A recent study published in the PeerJ journal has a new take on a specimen discovered in 1996 in north-west Hungary.   “Dolphin-like” marine crocodiles who lived in the open oceans, called metriorhynchids, have been known about for over 200 years. They were identified before even dinosaurs! And we knew that those dolphin-like creatures were probably the evolutionary ancestor of the first ancient crocodiles. But how one became the other was unknown. The new study argues that the fossilized specimen, named Magyarosuchus fitosi, is the missing link in crocodile's evolution. Its body appears to be between metriorhynchids and crocodiles.

This Ancient Serpent Is A Little Too Lifelike

Amazingly, this was made between the late 2000s and early 1000s BCE! That’s ancient Bronze Age.     It appears to have been a lid for a larger vessel, lost with time. If so, that’s an impressive vessel, because its lid is all silver. Found in eastern Iran, the culture that produced it is unknown.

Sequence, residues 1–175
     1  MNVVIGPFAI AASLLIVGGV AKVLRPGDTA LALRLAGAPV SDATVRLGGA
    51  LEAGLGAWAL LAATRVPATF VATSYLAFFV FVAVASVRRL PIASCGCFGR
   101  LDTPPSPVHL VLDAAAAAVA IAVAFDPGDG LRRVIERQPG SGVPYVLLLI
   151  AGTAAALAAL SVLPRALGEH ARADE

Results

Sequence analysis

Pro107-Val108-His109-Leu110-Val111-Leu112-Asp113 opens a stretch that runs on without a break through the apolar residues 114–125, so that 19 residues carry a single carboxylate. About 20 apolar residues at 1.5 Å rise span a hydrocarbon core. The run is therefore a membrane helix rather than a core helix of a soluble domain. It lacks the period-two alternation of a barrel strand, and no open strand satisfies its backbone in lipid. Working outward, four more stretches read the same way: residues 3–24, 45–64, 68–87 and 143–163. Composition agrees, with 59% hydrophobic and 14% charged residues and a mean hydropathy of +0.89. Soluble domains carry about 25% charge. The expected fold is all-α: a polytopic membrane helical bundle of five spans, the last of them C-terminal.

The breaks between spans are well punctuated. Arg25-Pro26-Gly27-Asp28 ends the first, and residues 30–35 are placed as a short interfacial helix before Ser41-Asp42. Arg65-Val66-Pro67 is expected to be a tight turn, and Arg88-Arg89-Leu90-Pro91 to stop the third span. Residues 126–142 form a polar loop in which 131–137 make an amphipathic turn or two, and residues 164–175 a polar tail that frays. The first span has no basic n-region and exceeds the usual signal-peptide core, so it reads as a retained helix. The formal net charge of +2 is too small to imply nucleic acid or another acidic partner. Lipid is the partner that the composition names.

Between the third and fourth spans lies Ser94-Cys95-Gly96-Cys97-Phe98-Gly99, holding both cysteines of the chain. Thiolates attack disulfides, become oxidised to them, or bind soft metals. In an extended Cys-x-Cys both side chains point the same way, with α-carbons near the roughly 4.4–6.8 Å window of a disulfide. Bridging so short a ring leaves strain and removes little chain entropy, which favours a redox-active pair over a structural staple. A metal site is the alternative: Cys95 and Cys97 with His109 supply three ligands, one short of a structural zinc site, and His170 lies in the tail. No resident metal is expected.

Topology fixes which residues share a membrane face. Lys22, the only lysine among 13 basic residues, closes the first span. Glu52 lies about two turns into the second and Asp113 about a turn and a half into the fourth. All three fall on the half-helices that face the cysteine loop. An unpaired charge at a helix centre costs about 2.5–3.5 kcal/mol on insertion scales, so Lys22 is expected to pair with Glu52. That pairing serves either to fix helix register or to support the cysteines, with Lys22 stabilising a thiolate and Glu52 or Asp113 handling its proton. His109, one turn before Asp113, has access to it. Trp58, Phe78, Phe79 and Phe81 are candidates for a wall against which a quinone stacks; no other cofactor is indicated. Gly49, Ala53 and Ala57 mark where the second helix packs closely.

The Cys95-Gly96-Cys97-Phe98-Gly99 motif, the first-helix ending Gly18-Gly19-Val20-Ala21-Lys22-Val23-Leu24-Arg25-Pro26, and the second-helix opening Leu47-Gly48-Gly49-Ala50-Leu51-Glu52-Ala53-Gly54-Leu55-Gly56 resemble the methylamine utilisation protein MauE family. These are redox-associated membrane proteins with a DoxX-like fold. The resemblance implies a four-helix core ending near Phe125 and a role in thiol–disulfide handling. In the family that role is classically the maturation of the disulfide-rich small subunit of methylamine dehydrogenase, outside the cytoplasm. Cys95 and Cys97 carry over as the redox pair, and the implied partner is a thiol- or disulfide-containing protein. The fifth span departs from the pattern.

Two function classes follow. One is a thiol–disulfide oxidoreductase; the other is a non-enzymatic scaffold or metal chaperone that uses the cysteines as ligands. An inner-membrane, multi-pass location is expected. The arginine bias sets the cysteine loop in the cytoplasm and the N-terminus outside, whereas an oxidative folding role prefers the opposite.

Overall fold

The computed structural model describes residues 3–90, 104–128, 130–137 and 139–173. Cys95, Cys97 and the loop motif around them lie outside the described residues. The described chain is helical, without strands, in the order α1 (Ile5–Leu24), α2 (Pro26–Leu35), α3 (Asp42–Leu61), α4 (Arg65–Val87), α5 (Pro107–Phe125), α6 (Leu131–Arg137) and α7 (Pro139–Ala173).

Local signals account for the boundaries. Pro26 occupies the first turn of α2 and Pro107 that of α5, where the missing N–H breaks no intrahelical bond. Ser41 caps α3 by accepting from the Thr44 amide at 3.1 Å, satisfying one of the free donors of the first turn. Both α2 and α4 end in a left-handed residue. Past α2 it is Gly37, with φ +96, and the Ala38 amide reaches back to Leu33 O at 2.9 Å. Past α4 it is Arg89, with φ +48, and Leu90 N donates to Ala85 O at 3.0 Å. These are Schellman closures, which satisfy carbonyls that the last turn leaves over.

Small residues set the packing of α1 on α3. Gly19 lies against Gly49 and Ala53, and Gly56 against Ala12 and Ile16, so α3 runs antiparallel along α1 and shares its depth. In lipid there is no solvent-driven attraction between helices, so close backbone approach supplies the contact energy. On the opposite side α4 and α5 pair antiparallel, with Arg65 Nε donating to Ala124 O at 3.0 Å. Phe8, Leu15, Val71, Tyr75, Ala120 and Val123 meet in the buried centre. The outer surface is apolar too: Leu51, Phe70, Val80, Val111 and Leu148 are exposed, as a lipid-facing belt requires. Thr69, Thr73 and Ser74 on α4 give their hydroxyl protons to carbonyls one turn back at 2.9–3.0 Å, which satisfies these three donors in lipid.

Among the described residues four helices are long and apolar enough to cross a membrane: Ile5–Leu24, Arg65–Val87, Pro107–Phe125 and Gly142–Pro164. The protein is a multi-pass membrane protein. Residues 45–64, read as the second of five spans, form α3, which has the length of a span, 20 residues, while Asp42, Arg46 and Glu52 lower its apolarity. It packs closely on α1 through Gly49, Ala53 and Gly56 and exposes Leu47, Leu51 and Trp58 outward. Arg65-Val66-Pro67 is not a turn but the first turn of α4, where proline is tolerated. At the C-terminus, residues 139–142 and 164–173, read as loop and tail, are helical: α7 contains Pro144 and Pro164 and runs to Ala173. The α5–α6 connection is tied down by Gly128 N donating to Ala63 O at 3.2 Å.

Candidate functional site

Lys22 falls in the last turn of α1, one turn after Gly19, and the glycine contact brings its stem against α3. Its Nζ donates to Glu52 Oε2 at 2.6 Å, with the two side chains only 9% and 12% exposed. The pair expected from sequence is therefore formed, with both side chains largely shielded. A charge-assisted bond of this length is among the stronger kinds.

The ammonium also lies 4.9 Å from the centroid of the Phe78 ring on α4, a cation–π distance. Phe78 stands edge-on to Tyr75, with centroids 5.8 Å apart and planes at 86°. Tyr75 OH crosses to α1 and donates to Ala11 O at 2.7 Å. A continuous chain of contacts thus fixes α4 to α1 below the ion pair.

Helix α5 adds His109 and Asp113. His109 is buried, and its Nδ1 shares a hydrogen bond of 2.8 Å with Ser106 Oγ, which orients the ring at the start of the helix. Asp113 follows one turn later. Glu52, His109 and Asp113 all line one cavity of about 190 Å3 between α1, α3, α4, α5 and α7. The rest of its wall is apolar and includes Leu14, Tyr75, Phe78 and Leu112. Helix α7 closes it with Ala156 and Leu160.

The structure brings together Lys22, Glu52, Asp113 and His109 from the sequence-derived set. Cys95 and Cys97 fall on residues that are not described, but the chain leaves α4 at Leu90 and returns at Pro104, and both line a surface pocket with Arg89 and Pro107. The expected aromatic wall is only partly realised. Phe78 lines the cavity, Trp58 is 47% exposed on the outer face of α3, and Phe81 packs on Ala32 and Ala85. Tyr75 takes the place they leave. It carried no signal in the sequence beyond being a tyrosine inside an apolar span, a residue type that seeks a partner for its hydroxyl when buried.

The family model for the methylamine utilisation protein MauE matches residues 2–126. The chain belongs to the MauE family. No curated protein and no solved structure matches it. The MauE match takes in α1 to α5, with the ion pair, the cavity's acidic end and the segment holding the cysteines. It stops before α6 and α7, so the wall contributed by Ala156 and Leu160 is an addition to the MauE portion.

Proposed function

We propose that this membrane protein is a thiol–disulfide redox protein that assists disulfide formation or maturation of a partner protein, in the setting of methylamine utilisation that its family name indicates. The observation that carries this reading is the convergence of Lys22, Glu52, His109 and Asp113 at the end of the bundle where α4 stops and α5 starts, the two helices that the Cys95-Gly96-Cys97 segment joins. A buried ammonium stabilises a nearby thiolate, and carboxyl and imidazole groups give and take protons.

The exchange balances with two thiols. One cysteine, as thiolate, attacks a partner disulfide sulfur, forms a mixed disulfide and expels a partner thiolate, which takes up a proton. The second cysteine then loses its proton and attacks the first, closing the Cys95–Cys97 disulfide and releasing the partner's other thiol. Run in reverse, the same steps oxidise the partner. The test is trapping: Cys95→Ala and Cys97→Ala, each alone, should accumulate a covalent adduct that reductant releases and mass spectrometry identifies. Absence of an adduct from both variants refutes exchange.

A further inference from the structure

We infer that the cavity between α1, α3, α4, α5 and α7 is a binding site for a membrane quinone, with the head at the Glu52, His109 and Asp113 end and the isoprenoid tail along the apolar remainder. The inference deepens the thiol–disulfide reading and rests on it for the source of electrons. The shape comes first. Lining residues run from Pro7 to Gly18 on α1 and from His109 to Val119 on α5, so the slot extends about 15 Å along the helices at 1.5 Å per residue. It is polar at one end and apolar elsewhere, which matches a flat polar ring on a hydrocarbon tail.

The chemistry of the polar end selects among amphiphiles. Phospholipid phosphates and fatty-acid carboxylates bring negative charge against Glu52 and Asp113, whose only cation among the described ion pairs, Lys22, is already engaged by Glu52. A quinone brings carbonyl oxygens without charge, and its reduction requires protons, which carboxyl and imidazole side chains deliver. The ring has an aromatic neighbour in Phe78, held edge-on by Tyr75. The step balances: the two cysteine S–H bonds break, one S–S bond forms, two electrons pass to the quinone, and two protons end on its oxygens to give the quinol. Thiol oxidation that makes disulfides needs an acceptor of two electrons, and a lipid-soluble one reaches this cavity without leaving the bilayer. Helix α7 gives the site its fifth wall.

The Grisly Chitenjo of Kyoto Immortalize Famous Warriors from Japan's Warring States Period


One of the last battles of Japan's "age of warring states" happened at Fushimi Castle, in Kyoto. What was the “age of warring states”? It is a period in Japanese history, stretching from the mid-1400s to the early 1600s, that was marked by near-constant military conflict. The period ended when Tokugawa Ieyasu came into power and established the Tokugawa shogunate, unifying Japan under a feudal system with himself at the top.